Over the past 15 years of my consulting work, I’ve had the opportunity to serve as an external project manager on dozens of software implementations. This has given me the opportunity to hone my own project management skills and allowed me to watch other project managers in action (from the software company’s side and the client’s side).
What I’ve learned is that the single most important quality of a project manager is the ability to communicate. More than domain expertise, more important than knowing how to operate project management software or how to run a meeting, the ability to communicate trumps all when it comes to being a successful project manager.
So what does a strong project manager communicate?
- Focus. The best PMs clearly explain the objectives of the project and reemphasize those objectives throughout the project. With software implementation projects, it’s very common for the project team to get hung up on one particular issue, when that issue isn’t necessarily critical to getting the software implemented. A good project manager will keep the team focused on what’s important and not allow minutiae to derail the project.
- Progress. A good project manager keeps the team up-to-date on where the project stands. Regular and consistent “check ins” are key. The most successful projects I’ve worked on have included weekly meetings where the project team discussed what happened last week, what’s happening this week, and what’s planned for next week. Sometimes these meetings are only 15 minutes long, because there’s not much to discuss but having them consistently ensures that everyone can celebrate accomplishments and knows what they need to do to keep the project moving forward.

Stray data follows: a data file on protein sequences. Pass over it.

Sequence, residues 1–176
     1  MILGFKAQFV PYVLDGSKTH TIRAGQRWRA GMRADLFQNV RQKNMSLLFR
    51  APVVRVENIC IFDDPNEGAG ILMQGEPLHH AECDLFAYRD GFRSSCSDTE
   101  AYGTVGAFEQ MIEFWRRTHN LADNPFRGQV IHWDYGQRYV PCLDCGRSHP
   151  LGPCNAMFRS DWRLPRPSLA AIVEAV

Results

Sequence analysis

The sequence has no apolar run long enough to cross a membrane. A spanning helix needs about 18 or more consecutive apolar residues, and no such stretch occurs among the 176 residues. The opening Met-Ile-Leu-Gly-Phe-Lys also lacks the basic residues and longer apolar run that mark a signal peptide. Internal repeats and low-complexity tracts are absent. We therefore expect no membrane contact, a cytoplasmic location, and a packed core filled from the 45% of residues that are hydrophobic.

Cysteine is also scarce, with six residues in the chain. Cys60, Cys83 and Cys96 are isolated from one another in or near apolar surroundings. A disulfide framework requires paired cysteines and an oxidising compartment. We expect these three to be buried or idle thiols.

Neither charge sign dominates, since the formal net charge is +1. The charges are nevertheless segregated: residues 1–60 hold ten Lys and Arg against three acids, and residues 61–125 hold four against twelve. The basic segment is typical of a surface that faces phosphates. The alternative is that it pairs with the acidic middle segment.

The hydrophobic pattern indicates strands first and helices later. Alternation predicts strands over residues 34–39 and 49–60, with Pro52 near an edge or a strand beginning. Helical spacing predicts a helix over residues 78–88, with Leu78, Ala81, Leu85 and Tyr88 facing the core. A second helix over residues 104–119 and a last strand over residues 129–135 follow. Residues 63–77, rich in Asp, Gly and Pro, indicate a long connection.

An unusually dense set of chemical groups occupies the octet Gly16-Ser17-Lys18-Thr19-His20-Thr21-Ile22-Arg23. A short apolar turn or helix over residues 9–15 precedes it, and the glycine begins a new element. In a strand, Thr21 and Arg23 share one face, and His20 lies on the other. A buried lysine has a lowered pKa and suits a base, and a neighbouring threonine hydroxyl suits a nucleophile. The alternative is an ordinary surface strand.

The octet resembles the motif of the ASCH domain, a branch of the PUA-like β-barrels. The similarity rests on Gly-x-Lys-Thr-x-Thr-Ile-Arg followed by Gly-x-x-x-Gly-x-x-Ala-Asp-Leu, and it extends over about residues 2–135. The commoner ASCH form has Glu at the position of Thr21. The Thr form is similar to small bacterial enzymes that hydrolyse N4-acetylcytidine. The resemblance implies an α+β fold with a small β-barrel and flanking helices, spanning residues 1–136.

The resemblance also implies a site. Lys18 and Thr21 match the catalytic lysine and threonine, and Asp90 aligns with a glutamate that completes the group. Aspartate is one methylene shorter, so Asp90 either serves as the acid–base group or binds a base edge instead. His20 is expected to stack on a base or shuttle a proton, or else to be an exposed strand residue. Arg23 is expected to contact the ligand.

- Problems. Few people are comfortable “rocking the boat” when it comes to working in large teams or on significant projects. No one wants to look like a jerk for complaining. But another important skill a good project manager brings to a project is the ability to speak up when something is not working. I tell my clients to speak up early and often when the project is not going in a way they expected it to. It may only be perception (i.e., the project is moving along fine but the client doesn’t realize it) or there may be a real problem with execution (i.e., the project is NOT moving in the right direction). In either case, communication about the issues will increase the likelihood of success.
- Respect. The most common complaint I hear from my clients about working with their software vendors is, “When we submit a request or complaint, we never hear back on whether it’s been addressed.” This is what I call the black hole of software companies and it is disrespectful to the client. Very often the complaint or request from the client has been addressed by the company, but they fail to tell the client. A good project manager knows that when a request or complaint is presented, it’s their job to close the loop even if the answer is “We’ve heard you, but there’s nothing we can do about that right now.” Any answer shows more respect than no answer at all.
The likelihood of a successful project outcome increases dramatically when a project manager communicates Focus, Progress, Problems, and Respect.
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